If you move the key forward, parts of the planet slide away and two massive cannons flip out. With a couple of slight modifications, this may be considered an "attack planet" mode (The instructions don't actually give it a name). I shudder to think of what all these transformations must do to any Transformers unfortunate enough to still be on the planet's surface!

But I'm nowhere close to done yet! When preparing this entry, the instructions reminded me of yet another mode that I'd completely forgotten about, and will likely never, ever use again. This is Primus' "battle station mode." I'm not at all sure what viable function a planetary body needs with a "station" mode, nor can figure out how this mode is supposed to be demonstrably more "battle ready" than the "attack planet" mode earlier. Indeed, it seems to me that the Death Star did just fine without constantly reconfiguring. Or, at least, it used to....

All this finally gets us to Primus' robot mode. As planetary Transformers go, I actually like this transformation better than either Unicron or the Darth Vader/Death Star. It's an actually spherical planet that turns into a robot with a minimum of shell-forming. Not that a robot mode at such a scale makes much sense, of course. I mean, with Unicron, whose purpose was destruction, you could at least get iconic images like this one of Unicron about to rip into the surface of Cybertron (Note: at the time of the 1986 Transformers: The Movie, Primus as a character wasn't even established, much less the idea that the planet Cybertron was Primus!). But what's a "good guy" planet-sized robot supposed to do?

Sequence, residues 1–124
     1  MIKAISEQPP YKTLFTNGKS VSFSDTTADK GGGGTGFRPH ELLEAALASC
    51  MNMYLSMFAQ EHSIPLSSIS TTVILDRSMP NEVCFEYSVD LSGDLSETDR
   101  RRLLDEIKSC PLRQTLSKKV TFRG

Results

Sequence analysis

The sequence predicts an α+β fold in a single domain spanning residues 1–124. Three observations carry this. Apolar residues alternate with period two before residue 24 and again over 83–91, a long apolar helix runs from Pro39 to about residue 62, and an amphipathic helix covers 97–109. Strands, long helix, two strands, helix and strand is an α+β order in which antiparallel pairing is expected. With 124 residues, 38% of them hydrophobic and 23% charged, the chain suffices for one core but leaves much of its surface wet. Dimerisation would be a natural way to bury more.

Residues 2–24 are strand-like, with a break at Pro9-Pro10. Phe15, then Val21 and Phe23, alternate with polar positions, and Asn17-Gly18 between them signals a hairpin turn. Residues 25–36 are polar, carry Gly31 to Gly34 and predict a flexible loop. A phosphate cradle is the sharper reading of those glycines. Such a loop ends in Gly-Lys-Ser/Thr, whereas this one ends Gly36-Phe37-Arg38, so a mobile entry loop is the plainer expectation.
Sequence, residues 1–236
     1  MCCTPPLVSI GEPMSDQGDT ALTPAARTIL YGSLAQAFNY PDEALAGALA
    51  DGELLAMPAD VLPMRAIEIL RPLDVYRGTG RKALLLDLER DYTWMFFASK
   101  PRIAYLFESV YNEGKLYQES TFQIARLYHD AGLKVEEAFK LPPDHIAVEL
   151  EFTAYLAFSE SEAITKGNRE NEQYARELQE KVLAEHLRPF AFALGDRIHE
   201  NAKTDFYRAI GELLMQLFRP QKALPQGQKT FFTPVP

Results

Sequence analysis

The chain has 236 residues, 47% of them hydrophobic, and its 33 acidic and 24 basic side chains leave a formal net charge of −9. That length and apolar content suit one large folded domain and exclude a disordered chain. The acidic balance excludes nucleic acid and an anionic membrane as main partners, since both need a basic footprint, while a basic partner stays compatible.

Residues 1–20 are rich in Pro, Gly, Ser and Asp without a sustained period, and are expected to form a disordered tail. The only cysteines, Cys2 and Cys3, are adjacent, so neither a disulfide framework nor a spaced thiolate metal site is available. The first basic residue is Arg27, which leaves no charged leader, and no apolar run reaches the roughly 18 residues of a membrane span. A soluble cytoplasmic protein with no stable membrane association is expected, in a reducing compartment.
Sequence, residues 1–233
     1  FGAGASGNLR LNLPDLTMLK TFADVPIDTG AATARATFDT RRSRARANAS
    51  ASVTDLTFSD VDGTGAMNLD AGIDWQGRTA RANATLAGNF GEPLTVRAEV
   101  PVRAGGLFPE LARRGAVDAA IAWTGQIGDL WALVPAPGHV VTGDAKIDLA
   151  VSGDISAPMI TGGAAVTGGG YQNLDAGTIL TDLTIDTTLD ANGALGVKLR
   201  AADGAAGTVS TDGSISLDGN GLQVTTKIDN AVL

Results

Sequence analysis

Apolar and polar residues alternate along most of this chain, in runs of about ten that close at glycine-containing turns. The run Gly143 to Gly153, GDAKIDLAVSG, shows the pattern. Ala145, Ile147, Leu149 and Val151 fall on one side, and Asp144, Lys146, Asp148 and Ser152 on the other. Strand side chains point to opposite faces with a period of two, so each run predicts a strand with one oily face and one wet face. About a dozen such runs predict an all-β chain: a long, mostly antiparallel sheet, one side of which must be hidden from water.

As is typical of Transformers toys of this size, Primus has gimmicks besides the actual transformations. Here, for example, we that Primus has robotic arms embedded within the giant robot's feet, perhaps intended to interact with Transformers at something somewhat more closely resembling their actual scale (although still way too large to be useful, realistically speaking).

If you plug a Cyber Planet Key into Primus' arms, they each can release a double-barreled weapon that, presumably, can be used to attack planetary-scale threats.

So, that's Primus. So far, we've covered the basic toy, which any non-Black Friday-shopping fan would have been able to pick up. The "Black Friday extra" was this set of four Mini-Cons. From left to right, these are Strongarm, Offshoot, Knockdown, and Nightscream.

These four Mini-Cons were released with the "Black Friday" Primus set for the first time, but were made more widely available when the "Classics" line came out more properly a few months later. However, when the Classics versions of these Mini-Cons came out, some of the names were changed. Offshoot became Dirt Rocket, and Nightscream became Thunderwing. Nightscream can be especially confusing, because an entirely different toy, sold with the now-named-Thunderwing toy, was called Nightscream.

No one ever said that keeping Transformers toys straight was easy!

1 comment:

  1. I'm certainly not unbiased, but it just seems to me that the definition of "god" set up by the fiction of the Transformers myth doesn't really match well with what a "god" is supposed to be. For all of the fiction's "universal god of light" language, he seems pretty Cybertron-specific, having pretty much nothing to do with any other world, ever.